Dewayne Matthews, vice president of strategy at the Lumina Foundation, a private organization working to expand access to post-secondary education, told Weissman that since the 1980s, the number of young men who pursue higher education has increased only slightly. Since 1991, women with college degrees have outnumbered men: in 2014, it was 34 percent to 26 percent in favor of women. Matthews chalks it up to structural shifts in the economy, away from a market that relied on a workforce with only a high school diploma. "You could get those jobs in a lot of sectors," Matthews said, citing manufacturing, natural resources and forestry jobs. "These were jobs that were held mostly by men—paid very good wages—and didn’t require post-secondary education."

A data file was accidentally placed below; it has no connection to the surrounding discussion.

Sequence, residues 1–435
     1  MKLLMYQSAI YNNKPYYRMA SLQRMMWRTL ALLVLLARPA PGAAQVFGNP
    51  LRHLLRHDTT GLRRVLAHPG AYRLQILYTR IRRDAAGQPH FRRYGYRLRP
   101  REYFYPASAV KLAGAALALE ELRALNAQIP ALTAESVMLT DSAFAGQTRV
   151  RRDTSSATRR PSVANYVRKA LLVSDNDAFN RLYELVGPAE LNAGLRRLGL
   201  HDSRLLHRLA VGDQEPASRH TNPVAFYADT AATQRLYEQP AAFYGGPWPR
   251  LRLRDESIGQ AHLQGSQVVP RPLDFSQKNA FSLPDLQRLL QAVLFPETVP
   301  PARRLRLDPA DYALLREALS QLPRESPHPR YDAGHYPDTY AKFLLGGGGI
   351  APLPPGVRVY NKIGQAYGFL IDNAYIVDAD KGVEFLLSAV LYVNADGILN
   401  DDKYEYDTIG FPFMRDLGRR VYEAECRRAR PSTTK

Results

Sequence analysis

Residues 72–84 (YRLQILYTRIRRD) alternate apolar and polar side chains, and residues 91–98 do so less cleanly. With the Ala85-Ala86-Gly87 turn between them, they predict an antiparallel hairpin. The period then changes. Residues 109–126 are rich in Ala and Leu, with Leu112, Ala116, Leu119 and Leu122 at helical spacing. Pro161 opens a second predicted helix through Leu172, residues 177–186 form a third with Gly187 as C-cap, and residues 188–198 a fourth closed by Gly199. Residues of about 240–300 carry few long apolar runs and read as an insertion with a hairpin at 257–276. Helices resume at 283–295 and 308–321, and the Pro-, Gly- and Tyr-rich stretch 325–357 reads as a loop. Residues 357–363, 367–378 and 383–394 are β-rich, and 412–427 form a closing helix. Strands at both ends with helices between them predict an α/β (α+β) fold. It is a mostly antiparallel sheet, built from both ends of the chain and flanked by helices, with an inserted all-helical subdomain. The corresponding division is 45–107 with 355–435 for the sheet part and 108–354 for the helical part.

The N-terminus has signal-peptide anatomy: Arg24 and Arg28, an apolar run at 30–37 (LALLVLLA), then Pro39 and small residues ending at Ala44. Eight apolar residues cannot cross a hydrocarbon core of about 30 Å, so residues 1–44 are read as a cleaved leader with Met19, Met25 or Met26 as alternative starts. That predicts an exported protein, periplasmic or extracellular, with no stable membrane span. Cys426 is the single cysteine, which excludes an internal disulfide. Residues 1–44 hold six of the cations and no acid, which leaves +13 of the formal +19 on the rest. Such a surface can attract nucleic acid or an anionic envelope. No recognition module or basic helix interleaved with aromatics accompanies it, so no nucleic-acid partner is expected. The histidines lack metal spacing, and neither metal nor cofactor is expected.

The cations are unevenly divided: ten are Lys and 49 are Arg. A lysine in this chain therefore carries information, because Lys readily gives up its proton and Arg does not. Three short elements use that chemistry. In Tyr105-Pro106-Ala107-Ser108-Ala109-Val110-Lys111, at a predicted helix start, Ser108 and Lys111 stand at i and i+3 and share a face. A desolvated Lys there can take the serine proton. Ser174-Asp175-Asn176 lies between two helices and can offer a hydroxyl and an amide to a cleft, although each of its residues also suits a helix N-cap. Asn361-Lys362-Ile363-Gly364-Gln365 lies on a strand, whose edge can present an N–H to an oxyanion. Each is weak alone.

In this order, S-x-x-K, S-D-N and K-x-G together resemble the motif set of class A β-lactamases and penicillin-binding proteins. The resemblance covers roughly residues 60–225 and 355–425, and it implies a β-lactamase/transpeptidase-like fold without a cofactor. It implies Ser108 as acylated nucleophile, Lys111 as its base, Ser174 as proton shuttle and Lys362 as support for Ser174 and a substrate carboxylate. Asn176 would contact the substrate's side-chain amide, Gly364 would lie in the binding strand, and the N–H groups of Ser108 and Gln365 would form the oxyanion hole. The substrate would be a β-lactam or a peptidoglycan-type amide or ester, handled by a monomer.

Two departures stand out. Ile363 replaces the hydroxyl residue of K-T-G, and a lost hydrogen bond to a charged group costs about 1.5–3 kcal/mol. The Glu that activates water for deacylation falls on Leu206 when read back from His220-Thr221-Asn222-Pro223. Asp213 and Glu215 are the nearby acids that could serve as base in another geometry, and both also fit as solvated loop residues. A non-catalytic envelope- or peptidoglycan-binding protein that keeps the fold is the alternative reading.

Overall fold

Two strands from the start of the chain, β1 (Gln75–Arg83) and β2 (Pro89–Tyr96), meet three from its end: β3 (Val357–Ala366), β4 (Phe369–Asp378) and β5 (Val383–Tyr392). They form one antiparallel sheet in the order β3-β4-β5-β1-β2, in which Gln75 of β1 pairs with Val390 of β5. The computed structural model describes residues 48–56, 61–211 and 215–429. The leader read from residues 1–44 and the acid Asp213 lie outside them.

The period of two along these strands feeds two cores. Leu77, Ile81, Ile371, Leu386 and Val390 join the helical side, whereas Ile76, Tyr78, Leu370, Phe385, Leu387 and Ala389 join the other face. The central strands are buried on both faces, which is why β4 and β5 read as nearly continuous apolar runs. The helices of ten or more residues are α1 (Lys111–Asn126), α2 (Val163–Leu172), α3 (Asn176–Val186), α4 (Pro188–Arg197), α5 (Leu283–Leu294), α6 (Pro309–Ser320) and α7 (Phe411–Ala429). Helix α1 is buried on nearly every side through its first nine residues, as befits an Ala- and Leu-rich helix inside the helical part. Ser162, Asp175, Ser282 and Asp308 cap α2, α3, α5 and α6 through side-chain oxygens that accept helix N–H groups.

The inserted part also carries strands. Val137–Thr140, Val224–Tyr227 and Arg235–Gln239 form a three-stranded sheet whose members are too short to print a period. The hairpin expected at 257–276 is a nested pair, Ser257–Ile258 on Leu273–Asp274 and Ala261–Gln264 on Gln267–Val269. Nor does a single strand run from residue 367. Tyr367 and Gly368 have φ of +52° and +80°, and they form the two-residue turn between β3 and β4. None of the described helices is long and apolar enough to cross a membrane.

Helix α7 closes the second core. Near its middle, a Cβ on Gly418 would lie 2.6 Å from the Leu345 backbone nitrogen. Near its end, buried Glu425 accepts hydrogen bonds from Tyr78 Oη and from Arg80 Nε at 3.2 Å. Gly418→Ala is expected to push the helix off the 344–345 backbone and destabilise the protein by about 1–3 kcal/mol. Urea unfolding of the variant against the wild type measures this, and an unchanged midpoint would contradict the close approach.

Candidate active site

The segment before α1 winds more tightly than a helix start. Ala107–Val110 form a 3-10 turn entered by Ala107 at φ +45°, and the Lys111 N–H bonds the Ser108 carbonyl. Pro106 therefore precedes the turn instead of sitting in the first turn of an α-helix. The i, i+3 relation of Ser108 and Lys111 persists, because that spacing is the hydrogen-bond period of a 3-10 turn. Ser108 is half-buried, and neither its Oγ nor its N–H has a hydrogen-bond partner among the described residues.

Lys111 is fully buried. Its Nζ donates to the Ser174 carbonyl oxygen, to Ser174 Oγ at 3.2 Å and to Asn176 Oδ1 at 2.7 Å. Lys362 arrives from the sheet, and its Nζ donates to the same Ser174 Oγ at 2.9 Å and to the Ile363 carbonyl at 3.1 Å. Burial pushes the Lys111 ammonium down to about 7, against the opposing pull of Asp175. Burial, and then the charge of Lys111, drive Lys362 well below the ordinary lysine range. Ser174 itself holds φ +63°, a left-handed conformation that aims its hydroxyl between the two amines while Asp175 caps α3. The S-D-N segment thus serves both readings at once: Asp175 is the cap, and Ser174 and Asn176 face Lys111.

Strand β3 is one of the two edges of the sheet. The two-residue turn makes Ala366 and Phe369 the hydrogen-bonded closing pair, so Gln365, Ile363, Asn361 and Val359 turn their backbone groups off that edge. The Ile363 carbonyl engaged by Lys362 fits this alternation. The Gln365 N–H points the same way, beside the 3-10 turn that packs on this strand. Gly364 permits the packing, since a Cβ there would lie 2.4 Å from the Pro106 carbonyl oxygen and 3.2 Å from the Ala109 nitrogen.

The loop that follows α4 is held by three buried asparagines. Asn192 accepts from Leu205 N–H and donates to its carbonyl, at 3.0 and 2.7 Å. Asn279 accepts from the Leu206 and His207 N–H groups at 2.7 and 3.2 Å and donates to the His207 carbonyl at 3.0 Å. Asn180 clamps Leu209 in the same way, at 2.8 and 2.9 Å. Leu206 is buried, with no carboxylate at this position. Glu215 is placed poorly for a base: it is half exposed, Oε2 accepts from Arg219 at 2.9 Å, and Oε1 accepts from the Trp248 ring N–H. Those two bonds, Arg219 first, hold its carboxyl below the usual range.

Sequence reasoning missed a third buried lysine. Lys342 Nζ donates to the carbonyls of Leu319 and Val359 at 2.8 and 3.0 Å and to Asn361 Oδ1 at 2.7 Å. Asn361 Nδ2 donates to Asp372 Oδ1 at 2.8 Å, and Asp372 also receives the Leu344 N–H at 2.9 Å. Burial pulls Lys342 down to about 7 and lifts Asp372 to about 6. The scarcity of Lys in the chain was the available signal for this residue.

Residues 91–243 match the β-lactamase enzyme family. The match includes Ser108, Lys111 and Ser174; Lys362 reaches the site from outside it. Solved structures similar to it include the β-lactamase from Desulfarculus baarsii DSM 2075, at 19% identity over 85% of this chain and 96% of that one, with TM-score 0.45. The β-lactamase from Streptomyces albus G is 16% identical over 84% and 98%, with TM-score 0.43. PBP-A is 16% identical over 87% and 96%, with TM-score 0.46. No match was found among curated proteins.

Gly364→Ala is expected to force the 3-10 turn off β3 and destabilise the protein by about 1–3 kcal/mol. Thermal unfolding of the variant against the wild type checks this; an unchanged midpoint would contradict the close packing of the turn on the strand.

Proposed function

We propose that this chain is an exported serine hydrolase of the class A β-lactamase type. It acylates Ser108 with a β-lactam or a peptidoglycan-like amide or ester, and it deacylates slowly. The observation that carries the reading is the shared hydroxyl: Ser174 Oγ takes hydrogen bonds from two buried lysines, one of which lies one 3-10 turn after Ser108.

"Now the job market has drastically shifted and demands a workforce with at least some specialized skill," Weissman notes. "Demand for entry-level positions in dying industries like mining and factory work is waning, while sectors like computer science and engineering are continually ramping up." Yet still many young men opt out of college. "You’re talking about generations of families in communities that were built around a certain type of work," Matthews said. Wiessman adds, "Changing the culture of what young men do—or imagine they can do—for a living takes time. So is it any wonder that so many men from working-class backgrounds are heartened by Trump's promises that he will bring back coal jobs?" (U.S. Census Bureau chart.)